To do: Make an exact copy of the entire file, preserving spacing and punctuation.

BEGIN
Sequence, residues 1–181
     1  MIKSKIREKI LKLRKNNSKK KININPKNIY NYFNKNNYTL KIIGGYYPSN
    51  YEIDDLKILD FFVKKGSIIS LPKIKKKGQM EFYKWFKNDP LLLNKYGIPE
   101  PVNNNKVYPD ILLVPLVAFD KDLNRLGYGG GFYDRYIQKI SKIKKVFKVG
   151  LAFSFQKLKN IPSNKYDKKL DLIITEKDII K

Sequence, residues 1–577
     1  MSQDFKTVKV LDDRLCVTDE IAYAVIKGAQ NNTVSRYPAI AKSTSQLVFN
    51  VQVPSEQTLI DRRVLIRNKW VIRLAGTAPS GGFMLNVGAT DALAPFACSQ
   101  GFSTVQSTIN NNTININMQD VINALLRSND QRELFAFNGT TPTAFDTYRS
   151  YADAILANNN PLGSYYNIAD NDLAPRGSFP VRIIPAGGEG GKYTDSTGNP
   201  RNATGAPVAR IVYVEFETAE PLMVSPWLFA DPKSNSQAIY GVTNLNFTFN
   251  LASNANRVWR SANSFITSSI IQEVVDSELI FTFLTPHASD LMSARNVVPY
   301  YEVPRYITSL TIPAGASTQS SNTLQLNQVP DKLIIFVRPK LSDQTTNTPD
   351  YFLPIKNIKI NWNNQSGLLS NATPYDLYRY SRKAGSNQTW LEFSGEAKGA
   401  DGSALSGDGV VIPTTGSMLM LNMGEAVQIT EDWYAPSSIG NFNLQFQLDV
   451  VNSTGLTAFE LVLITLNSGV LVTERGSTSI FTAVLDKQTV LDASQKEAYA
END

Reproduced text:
Sequence, residues 1–181
     1  MIKSKIREKI LKLRKNNSKK KININPKNIY NYFNKNNYTL KIIGGYYPSN
    51  YEIDDLKILD FFVKKGSIIS LPKIKKKGQM EFYKWFKNDP LLLNKYGIPE
   101  PVNNNKVYPD ILLVPLVAFD KDLNRLGYGG GFYDRYIQKI SKIKKVFKVG
   151  LAFSFQKLKN IPSNKYDKKL DLIITEKDII K

Sequence, residues 1–577
     1  MSQDFKTVKV LDDRLCVTDE IAYAVIKGAQ NNTVSRYPAI AKSTSQLVFN
    51  VQVPSEQTLI DRRVLIRNKW VIRLAGTAPS GGFMLNVGAT DALAPFACSQ
   101  GFSTVQSTIN NNTININMQD VINALLRSND QRELFAFNGT TPTAFDTYRS
   151  YADAILANNN PLGSYYNIAD NDLAPRGSFP VRIIPAGGEG GKYTDSTGNP
   201  RNATGAPVAR IVYVEFETAE PLMVSPWLFA DPKSNSQAIY GVTNLNFTFN
   251  LASNANRVWR SANSFITSSI IQEVVDSELI FTFLTPHASD LMSARNVVPY
   301  YEVPRYITSL TIPAGASTQS SNTLQLNQVP DKLIIFVRPK LSDQTTNTPD
   351  YFLPIKNIKI NWNNQSGLLS NATPYDLYRY SRKAGSNQTW LEFSGEAKGA
   401  DGSALSGDGV VIPTTGSMLM LNMGEAVQIT EDWYAPSSIG NFNLQFQLDV
   451  VNSTGLTAFE LVLITLNSGV LVTERGSTSI FTAVLDKQTV LDASQKEAYA